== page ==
After that, they gave me a dextrose drink to help me get up to at least 80 mg/dL. Then another. Once I made it over 80 at about 1:30, they fed me lunch. A cheesy, lemon pasta with shrimp, a great salad, and fresh (no, really fresh) fruit for dessert. As you may have imagined, it was delicious. The blood draws and monitoring continued until 3:00 p.m.

Dexcom graph showing my BG variability during the test.

Dexcom graph showing my BG variability during the test.

So in all, I think there were 56 blood draws, 56 BG tests during my visit. I’ve written about this here so you could get a window into one day of my experience during a clinical trial. They’re not all like this. My previous study didn’t have any days like this.

Like I’ve said before, my job is to help researchers move the needle toward better outcomes for People With Diabetes. If that involves testing a website, or sitting still for intentionally induced hyerglycemia and hypoglycemia, it’s worth it because of what it could mean for those who need better outcomes. If you’ve been considering volunteering for clinical trials, I hope you’ll decide to do it. If you need help getting started, click the E-mail Stephen link on the top left of this page and I’ll point you in the right direction.

D-Athletes: Your medal is waiting.

Just a quick Friday reminder about our Diabetes Awareness Month initiative: Champion Athletes With Diabetes. Your medal is waiting!

If you’re living with diabetes, and you’re active; or if someone close to you is living with D and is active, we’ve got an honest-to-goodness medal we’d like to award you. It looks like this:


There are only four simple things to do to get yours:

1. The athlete receiving the award must be living with diabetes.

2. The athletic event must have taken place in the last six months. For now, we’re going with a pretty loose interpretation of the word “event”. If you feel you’ve accomplished something important to you, that’s an event. ‘Nuf said.

3. Send me an e-mail at Tell me your name, name of the athlete (it’s okay if it’s you), and your address (gotta know where to send the medal). Most important, tell me what athletic goal was accomplished, and when. Extra points if you tell me how you felt accomplishing the goal. Full disclosure: I reserve the right to use your testimonial here, on Twitter, and on Facebook. I will not use your name if you don’t want me to. As always, I will never share private information.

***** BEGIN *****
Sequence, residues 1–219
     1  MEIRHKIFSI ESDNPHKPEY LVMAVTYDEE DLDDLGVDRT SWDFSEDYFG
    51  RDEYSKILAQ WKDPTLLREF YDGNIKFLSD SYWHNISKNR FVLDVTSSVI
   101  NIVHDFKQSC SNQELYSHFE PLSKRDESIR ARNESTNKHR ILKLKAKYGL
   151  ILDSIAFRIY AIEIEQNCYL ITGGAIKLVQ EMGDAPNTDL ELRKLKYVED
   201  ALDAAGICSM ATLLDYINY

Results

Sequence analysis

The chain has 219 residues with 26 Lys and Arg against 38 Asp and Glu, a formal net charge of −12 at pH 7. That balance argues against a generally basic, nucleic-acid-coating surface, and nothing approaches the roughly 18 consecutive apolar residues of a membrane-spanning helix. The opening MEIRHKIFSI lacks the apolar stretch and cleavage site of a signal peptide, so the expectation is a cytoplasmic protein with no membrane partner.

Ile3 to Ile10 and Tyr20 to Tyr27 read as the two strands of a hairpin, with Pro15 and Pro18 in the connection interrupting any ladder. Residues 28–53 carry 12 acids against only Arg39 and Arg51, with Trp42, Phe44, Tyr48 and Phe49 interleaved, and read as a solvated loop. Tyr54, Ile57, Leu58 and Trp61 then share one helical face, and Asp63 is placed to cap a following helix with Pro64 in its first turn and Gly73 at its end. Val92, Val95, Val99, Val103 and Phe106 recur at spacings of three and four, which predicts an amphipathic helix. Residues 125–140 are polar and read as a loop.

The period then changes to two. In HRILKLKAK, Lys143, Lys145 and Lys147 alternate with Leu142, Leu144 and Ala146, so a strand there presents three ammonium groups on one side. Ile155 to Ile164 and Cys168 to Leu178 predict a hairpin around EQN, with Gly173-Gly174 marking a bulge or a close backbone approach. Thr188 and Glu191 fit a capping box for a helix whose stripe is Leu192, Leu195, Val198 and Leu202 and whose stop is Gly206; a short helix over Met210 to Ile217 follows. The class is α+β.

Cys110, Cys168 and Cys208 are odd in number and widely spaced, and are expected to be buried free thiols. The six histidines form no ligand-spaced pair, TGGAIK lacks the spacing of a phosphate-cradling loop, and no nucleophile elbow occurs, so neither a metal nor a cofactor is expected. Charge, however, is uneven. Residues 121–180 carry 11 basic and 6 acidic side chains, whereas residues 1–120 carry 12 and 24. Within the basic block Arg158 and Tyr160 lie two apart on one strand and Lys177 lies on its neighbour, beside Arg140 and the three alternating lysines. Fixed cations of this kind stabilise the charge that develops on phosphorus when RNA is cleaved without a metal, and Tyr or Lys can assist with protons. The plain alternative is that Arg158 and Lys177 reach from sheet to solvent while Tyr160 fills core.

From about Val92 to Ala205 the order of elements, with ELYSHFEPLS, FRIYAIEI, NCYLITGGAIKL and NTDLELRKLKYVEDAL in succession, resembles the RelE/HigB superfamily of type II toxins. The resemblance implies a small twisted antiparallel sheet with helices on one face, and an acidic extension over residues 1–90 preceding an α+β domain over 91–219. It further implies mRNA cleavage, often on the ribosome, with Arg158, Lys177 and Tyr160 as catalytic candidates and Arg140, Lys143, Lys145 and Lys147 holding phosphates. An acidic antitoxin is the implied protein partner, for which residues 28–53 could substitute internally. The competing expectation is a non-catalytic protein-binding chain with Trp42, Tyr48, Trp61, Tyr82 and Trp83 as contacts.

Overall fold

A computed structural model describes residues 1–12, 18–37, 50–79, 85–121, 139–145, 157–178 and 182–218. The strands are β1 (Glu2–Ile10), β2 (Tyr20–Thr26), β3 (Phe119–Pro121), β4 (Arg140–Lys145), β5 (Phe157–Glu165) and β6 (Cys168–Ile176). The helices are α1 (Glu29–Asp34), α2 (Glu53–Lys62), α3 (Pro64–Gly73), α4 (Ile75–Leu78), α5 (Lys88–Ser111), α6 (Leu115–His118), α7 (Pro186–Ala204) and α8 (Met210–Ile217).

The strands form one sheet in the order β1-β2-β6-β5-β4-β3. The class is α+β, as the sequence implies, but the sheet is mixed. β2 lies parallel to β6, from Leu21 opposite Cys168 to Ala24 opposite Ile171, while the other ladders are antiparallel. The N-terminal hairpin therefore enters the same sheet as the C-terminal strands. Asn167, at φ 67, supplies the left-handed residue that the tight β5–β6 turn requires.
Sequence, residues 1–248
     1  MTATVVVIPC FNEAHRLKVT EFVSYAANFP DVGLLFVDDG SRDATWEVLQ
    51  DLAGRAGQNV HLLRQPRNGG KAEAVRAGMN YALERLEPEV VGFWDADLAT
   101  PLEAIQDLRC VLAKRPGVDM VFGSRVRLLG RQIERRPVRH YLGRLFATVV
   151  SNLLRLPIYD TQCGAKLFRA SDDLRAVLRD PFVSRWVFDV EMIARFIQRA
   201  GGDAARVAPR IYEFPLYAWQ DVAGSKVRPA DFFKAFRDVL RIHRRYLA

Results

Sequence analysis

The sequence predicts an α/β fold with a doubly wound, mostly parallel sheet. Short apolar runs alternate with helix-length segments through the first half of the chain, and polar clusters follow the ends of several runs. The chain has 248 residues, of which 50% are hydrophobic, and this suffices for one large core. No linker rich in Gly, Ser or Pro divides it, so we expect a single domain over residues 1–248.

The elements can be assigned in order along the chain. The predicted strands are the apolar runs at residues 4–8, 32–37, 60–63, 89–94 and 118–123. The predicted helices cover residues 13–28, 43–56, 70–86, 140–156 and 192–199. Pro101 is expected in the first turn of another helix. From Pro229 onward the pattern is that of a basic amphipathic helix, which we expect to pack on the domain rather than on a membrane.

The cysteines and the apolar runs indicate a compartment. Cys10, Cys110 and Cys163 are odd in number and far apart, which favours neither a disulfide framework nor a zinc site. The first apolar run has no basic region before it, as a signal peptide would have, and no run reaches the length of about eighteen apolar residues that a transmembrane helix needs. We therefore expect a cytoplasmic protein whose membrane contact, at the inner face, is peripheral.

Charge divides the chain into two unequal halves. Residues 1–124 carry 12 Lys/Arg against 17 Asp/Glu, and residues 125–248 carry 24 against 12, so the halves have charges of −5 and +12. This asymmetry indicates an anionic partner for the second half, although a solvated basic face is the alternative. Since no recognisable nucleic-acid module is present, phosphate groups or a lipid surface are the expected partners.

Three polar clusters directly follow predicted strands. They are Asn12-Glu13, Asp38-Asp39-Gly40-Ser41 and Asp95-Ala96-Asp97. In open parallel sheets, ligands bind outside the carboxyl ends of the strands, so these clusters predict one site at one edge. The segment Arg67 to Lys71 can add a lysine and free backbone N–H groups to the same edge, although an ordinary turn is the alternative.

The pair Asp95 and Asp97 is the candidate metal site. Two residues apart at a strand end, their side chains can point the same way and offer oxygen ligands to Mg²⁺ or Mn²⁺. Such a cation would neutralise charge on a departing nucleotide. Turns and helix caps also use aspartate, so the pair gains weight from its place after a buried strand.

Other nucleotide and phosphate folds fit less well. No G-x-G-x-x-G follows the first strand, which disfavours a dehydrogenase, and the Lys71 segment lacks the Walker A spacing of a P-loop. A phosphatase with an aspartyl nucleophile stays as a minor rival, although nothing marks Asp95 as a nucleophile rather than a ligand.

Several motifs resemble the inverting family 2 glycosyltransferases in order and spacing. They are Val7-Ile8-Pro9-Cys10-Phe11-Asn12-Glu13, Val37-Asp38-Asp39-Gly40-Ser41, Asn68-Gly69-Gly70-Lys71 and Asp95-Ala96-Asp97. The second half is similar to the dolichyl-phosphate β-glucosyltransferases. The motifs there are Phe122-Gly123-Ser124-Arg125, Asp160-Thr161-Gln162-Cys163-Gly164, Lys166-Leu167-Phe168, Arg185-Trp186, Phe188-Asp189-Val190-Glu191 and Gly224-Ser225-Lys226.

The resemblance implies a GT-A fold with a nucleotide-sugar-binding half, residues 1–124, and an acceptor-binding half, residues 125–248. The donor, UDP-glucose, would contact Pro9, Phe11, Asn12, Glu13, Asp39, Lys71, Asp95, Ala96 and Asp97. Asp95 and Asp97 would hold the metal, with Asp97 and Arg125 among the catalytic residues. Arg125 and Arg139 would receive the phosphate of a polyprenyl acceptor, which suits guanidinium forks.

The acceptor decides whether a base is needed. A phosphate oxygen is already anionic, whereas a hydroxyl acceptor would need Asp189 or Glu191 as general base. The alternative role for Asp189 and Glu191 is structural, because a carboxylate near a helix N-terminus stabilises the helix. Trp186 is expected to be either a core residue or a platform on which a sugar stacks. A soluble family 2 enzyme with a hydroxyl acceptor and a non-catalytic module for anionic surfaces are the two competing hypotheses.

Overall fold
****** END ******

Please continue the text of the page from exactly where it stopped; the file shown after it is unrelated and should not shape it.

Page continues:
4. When you receive your medal, it would be great if you post a photo of it around the athlete’s neck. You can send a Tweet to @ChampsWithD (hashtag: #champdathletes) or post it on the Champion Athletes With Diabetes Facebook Page.

I think D-Athletes are amazing. It takes a tremendous amount of planning, effort, and bravery to compete, or maintain an exercise routine. Heck, sometimes, it’s everything we can do just to walk around the block. Getting out of your comfort zone and taking that brave step is something that should be recognized and rewarded.

If it’s a big deal to you, it’s a big deal to me too. I want to support you, or support the Athlete With Diabetes in your life. Send an e-mail for your award today.

Medical IDs– Update your info.

I’ve seen a few #dblog posts recently (like this one) from writers talking (and asking) about medical ID gear. So I thought I would weigh in on the subject too.

Officially, I’m still wearing my Medic Alert necklace that I purchased about 15 years ago (click here to see– no, I don’t have the beaded chain). The reasons are simple: I’m okay with how it looks, it’s durable, and it’s always around my neck. I really only take it off to swim.

But it’s not that simple. Medic Alert keeps a profile on you containing lots of information like your emergency contacts, your medical team, and more. The idea is that responders can call the number on the back of my ID, give the serial number on the back, and get all of this info in a flash. While I’ve had my necklace for a long time, I recognize that some of the important information is out of date.

How out of date? Really, really out of date.

I logged onto the Medic Alert site. Well, no, that’s not exactly what I did. I went to the site and had to create a user ID and password. It’s been so long since I updated my information that Medic Alert has gotten into the 21st Century and actually created an online way for you to update your information. For all I know, this could have occurred back in 1999, because it’s been that long since I last updated my info.

Since then, I’ve changed doctors (3 times), I’ve changed insulins (twice), I’ve added an insulin pump, and I actually got a mobile phone!

Moral of the story: It’s great to have something that alerts responders of your condition, and who to contact when you can’t do it yourself. Extra points if it looks good too. But something new and bright and shiny doesn’t help if the information associated with it is stale.